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Chaos fic: Five Times Billy Sings (And One Time He Doesn't)

July 1st, 2011 (08:47 am)
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Title:  Five Times Billy Sings (And One Time He Doesn’t)

Disclaimer:  Not mine (characters or songs!).

A/N:  I blame geminigrl11 .  I asked her for help on what Billy might sing and then she had plotted this entire fic and I had no choice but to write it.

Spoilers:  Nothing too specific, unless you count the fact that Billy sings in “Remote Control.”  Also, there’s an ode to “A Life Less Ordinary” in there, for those who know the movie :)

Summary:  Rick gets to know Billy through his songs, understanding his moods and his mindsets from how and when he sings.

-o-

1.  Rick has heard Billy sing before, but it’s not until Amsterdam that he really hears Billy sing.

Of course, they’re not in Amsterdam to hear Billy sing; they’re there to gain access to a dangerous human trafficking ring that has been targeting Western tourists, including a few Americans in the last year.  All their intel has led them to Amsterdam and a cover bar just outside the red light district.

His team is as nervous as they ever get, taking the time to remind Rick in excess just how dangerous this is.

Rick gets the point.  He’s seen the file.  People who go up against this ring rarely come back alive.

As thoroughly communicated as that point is, the rest of the details are vague.  They’ve each got an alias, and they’re traveling as businessmen with less than legitimate ulterior motives.  At the bar, they need to make contact and wait for the signal, at which point they’ll initiate contact and try nabbing an in with at least some segment of the group.

“Once we have our in, that’s all we need,” Michael reminds Rick.  “But that also means, there’s no turning back.”

Rick can’t help but nod solemnly, and as they settle at the table, it’s all Rick can do to try to look somewhat normal amongst the revelry.

Because it is a popular bar.  People seem to be everywhere and the music is loud.  After awhile, Rick’s starting to worry something has gone wrong when the music stops and a light on the stage appears.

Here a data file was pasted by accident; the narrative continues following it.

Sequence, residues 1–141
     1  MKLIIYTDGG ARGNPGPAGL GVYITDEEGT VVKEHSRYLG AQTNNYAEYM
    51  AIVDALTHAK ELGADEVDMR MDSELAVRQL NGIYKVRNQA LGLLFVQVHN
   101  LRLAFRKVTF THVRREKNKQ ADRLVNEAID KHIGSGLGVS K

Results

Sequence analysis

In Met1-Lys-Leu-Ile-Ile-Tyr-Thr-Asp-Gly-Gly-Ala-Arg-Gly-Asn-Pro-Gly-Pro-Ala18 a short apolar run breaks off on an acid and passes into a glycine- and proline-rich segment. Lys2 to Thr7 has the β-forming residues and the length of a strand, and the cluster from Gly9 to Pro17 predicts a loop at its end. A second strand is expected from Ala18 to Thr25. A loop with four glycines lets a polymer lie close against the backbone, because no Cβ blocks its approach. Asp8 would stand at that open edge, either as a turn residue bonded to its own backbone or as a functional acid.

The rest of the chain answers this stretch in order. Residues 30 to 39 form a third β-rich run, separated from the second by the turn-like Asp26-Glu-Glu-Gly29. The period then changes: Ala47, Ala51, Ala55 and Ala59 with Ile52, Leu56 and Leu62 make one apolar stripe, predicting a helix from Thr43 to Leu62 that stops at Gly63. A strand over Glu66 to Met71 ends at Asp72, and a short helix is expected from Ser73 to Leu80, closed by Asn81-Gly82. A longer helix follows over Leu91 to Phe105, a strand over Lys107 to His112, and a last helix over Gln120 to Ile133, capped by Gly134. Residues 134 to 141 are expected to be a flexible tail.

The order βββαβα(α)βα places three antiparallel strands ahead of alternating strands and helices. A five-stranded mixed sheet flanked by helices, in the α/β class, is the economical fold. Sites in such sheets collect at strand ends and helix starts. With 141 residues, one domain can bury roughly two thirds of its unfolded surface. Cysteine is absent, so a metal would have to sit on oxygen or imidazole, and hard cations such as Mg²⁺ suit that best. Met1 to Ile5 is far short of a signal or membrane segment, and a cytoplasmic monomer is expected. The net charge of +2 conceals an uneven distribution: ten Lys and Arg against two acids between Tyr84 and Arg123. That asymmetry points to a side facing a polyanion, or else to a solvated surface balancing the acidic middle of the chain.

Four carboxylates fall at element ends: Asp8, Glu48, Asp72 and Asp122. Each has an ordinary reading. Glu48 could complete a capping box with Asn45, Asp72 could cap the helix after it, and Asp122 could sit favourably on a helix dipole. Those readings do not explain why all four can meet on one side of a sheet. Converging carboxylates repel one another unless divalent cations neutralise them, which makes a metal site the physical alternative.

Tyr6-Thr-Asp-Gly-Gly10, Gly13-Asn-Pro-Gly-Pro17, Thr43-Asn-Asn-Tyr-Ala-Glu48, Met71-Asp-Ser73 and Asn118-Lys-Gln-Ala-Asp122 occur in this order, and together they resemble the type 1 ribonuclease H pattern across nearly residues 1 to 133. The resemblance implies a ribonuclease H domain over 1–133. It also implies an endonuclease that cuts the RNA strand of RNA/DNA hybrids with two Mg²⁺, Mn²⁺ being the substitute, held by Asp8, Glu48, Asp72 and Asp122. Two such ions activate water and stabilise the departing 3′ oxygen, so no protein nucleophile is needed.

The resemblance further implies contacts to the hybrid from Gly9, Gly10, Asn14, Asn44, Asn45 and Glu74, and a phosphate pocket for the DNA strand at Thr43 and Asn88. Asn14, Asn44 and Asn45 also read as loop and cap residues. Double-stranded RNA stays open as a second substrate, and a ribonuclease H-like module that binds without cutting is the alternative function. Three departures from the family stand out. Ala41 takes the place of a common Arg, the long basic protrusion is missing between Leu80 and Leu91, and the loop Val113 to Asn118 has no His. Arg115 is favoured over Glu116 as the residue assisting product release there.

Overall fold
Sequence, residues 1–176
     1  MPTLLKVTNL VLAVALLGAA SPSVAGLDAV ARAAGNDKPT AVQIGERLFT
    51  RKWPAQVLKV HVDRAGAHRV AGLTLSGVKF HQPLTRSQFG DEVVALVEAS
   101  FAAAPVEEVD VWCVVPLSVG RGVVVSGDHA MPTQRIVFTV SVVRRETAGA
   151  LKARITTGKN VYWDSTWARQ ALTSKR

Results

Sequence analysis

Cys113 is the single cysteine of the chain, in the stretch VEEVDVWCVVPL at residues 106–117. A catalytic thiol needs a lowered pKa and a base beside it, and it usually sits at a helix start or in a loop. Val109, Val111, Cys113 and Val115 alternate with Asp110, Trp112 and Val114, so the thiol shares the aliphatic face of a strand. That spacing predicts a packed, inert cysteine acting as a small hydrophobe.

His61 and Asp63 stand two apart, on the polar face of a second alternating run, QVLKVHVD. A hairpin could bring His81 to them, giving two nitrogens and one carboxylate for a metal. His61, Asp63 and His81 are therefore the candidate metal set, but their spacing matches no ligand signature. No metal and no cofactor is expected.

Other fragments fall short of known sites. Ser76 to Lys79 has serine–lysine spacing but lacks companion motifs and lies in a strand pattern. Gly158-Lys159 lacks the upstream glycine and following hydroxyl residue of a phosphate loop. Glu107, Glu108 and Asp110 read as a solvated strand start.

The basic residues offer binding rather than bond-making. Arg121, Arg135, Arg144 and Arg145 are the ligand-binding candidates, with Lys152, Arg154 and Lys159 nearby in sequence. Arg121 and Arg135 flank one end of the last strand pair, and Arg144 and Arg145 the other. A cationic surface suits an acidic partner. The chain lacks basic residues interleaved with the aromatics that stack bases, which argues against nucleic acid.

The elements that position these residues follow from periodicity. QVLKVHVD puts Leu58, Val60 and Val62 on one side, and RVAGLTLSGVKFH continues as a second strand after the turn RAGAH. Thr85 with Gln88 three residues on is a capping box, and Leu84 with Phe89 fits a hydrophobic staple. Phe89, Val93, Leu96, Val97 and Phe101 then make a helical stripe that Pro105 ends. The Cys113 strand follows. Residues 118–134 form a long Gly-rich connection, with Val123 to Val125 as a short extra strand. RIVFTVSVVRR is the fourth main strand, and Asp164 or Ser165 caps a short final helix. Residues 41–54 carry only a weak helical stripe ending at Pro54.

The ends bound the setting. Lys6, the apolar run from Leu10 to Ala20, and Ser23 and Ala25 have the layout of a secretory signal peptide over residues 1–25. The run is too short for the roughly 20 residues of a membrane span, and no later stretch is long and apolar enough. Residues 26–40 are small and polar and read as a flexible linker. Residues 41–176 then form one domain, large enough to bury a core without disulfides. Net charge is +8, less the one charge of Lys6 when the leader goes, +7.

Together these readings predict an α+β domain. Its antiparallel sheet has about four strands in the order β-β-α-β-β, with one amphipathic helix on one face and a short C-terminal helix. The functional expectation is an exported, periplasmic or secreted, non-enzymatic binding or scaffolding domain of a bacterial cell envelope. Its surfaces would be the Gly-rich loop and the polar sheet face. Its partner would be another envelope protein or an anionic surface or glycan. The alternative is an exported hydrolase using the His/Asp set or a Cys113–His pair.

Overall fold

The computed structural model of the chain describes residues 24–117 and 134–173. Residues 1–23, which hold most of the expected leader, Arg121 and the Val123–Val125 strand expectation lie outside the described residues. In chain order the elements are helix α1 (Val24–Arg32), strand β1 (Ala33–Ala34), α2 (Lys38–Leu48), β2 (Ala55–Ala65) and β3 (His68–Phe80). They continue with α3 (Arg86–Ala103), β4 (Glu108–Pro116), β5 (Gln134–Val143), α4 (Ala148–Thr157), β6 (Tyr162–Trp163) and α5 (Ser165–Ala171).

Rick recognizes the man in the spotlight immediately.  Gary Welch, one of the men from the file Rick’s memorized.  He’s a higher up in the organization, connected directly to several disappearances along with sundry other violent charges.

On stage, he looks imposing.  His gruff face is garish in the light and he seems to snarl into the microphone.  “Richie Vanderlo,” he says, eyes perusing the crowd.  Then he smirks.  “Your presence is requested.”

Rick’s heart skips a beat, because he knows that name.  His own alias is Victor Carraday, but Richie Vanderlo is his Scottish associate.

Looking to Billy, the Scot is unusually sullen.  Casey and Michael are looking at him seriously.

“You don’t have to do this,” Michael tells him.

“As much as I hate to say it, we can find another way,” Casey agrees.

Billy’s jaw works and he shakes his head.

Rick shakes his head, too, trying to put the pieces together.  “Another way?  What’s he supposed to do?”

“No,” Billy says, soft but resolute.  “Someone has to take one for the team.”

Rick’s brow furrows.  “I don’t understand.”

Billy looks at him, blue eyes sincere.  “They considered making this your mission, and usually I’m on board with putting the rookie in the line of fire, but I couldn’t let you take the risk,” he says.  “Not with something like this.”

Rick’s eyes go wide.  “Something like what?”

Billy pats his arm and then gets up, heading through the crowd.

Desperate, Rick turns to Michael.  “We’re just going to let him go?” he asks, worst case scenarios flashing through his head.  “What are they going to do with him?”

Death or torture or human slavery--the list seems endless--but Michael takes a breath and lets it out with a shrug.  “Billy knows what he signed on for.”

Rick’s practically incredulous until he hears Billy’s smooth voice at the microphone.

“Thank you,” Billy says and Rick turns in time to see him waving at the crowd.  “Normally, I don’t like to make a spectacle, but this is a very special night for me and my handsome companion, Victor.”

The spotlight shifts, suddenly blinding Rick as the crowd ahhs and erupts into cheers.

Rick’s still blind when Billy says, “Vic, darling, this one’s for you.”

The implication has Rick mortified and when the spotlight shifts, he’s gaping in horror at the stage where Billy is standing.  The music has started up again, gentler this time, with a lulling melody before Billy flashes a grin at him and starts to sing, “Somewhere, beyond the sea...”

Billy’s voice is pitch perfect, strong and confident as he handles the tune deftly.  When it hits the chorus, he starts moving with the music, pulling out a footwork routine that must be rehearsed even if Rick doesn’t know how Billy had the time or foresight for such things.